Marko Schnarr works for the environmental office at Miele, the well-known manufacturer of household appliances. His goal is to expand the company’s decision-making matrix to fully include environmental aspects. Enjoy the interview!
What do you respond when you are asked by Miele colleagues, for example from the Production department, “why do we conduct life cycle assessments at Miele”?
Our customers expect products from us that are first-class in every aspect. This also applies to our environmental responsibility. But what this means in practice is often not as easy to answer. Saving energy is always a good idea – but there’s a fine line between applying energy saving measures and those measures actually making sense within the context of an LCA. So how should we evaluate individual technology alternatives? Sometimes, it’s obvious and sometimes, it’s not. That’s why we use life cycle assessments for such decisions.
What challenges did you face at the beginning of the LCA activities?
First of all, getting started with Umberto. Fortunately, we were able to base our energy and material flow models on already existing ones from the Institute for Applied Ecology (“Öko-Institut”), which had been compiled in an extensive LCA study. This made the start a lot easier.
Now that you have been dealing with this topic for quite some time already, where do you see the greatest challenges today?
Data collection is always a laborious process. People working in the production and the development departments usually have an entirely different perspective of their day-to-day business. Often they have to “factor out” things first in order to be able to answer my amateurish questions. We usually have a very good knowledge at the macro level but LCAs are frequently micro… and then all the difficult allocation issues soon occur.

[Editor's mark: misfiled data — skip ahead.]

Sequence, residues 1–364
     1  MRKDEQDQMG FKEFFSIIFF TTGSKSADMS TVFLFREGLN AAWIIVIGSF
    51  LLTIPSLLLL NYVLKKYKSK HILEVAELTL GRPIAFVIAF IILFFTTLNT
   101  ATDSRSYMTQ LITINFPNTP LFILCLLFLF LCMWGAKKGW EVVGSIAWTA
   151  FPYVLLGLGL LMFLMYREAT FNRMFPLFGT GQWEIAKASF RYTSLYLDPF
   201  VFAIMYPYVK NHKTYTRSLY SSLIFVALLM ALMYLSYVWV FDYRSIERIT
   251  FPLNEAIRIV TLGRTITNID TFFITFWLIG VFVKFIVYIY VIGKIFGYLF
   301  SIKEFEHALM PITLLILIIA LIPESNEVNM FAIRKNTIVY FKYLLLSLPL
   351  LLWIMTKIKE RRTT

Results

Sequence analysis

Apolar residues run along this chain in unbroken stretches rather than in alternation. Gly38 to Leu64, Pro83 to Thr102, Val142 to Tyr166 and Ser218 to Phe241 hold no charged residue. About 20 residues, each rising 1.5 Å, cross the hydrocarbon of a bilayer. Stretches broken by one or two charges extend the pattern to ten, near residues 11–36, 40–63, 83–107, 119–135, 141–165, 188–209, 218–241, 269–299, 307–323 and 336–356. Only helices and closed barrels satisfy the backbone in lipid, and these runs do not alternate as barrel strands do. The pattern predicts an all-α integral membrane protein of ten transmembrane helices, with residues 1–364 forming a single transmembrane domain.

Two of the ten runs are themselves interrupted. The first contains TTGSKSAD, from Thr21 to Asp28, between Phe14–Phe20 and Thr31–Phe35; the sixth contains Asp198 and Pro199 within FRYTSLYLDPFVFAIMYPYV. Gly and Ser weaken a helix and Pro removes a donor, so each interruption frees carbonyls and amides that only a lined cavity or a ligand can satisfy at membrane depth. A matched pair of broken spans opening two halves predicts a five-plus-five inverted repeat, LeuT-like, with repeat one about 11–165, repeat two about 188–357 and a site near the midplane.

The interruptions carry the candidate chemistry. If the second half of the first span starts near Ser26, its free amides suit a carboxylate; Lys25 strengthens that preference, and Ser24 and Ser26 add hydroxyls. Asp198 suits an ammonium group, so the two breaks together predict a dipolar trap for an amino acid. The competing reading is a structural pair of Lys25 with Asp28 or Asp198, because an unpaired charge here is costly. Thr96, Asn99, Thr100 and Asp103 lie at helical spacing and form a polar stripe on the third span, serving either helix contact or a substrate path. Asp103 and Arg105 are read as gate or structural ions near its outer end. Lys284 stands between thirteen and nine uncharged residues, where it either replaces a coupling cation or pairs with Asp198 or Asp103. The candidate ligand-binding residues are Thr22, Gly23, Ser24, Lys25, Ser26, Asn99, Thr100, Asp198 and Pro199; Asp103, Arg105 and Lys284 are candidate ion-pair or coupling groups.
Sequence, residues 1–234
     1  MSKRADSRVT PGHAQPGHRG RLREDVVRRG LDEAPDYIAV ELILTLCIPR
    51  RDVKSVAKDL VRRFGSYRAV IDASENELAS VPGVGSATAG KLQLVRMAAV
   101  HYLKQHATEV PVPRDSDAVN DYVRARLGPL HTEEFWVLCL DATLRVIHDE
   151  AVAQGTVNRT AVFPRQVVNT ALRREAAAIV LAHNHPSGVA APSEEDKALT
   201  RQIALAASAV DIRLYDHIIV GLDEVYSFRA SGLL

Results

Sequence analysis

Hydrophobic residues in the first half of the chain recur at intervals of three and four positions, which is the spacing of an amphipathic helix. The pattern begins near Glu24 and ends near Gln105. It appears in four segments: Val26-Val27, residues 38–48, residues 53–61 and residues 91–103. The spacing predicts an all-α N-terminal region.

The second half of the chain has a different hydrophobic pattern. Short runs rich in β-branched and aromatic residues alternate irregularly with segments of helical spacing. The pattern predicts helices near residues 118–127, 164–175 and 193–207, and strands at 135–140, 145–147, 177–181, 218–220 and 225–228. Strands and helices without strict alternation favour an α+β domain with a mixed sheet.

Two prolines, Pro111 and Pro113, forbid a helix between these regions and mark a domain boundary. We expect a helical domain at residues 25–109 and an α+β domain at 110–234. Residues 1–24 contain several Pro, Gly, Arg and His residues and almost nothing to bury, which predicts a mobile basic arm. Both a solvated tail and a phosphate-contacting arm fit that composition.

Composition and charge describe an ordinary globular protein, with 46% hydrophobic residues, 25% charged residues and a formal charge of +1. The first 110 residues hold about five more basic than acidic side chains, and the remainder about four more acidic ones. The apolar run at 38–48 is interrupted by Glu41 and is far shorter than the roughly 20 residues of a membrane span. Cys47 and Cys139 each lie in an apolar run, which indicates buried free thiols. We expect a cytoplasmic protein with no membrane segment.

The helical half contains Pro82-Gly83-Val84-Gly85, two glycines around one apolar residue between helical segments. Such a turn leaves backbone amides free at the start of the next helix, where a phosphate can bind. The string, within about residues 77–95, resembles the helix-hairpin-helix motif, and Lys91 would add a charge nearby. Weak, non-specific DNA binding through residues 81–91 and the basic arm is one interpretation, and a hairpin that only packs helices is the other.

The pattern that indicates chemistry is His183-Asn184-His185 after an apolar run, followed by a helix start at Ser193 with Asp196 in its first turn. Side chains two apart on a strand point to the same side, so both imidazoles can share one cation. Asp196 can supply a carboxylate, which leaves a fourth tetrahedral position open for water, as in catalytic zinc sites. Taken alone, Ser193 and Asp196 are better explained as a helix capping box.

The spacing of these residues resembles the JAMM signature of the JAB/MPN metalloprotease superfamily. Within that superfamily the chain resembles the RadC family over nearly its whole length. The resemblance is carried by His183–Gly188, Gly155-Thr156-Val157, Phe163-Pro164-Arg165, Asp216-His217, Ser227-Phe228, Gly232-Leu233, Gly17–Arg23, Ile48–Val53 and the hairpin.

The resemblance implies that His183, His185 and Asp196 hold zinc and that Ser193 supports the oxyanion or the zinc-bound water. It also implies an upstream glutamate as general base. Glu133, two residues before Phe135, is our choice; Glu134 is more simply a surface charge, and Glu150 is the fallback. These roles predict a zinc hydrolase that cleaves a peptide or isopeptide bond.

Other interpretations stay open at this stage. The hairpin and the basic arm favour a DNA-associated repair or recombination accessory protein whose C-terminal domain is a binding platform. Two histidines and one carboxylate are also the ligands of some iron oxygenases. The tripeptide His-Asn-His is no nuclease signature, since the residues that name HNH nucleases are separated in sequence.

Additionally a considerable specialist knowledge on upstream and downstream processes is required e.g. when it comes to metallurgy or recycling. These are the more advanced questions to answer. On the one hand this is what it makes exciting. On the other hand it was the reason why our long-time partner, the Institute for Applied Ecology (“Öko-Institut”) was very relaxed when we announced that we wanted to conduct the LCAs on our own in the future.
How are the LCA results incorporated into the corporate communication?
We conduct LCAs primarily for internal use, so we use the results for the internal communication. For me personally, the most important aspect is that the decision-making matrix is extended to include an environmental dimension.
The big selling points however, such as the 20-year lifetime of the products, are communicated externally. LCAs are difficult to digest for retail, consumers and the media. But when consumers choose the “Miele” brand, they also feel they are making a good choice from an ecological point of view. Therefore an individual evidence, such as an LCA, is not necessarily important.
In 2014, Miele has been awarded “Germany’s Most Sustainable large-scale enterprise”. How would you describe the contribution your LCA activities have made?
Many aspects contributed to this award, as numerous stakeholders in the company are committed to dealing with many different facets of sustainability on a daily basis. A very important aspect is definitely the longevity of our products. This is something that we deliver since the very first beginning of the brand Miele. With an LCA compiled by the Institute for Applied Ecology (“Ökoinstitut”), we have once again been able to prove that this characteristic is also ecologically beneficial. Hence I would say it was perhaps the icing on the cake.
What is the most important advice you would give to other LCA practitioners?
At first I always do my my homework in Excel thoroughly before I even start Umberto for the first time. If you do not work excessively with the “live link” feature, it easily happens that you miss one or the other transition in the model when changing the figures afterwards. I also keep all my handwritten notes with memos and auxiliary allocations so that I can remember my original thoughts even later on in the project.
Thank you Mr. Schnarr!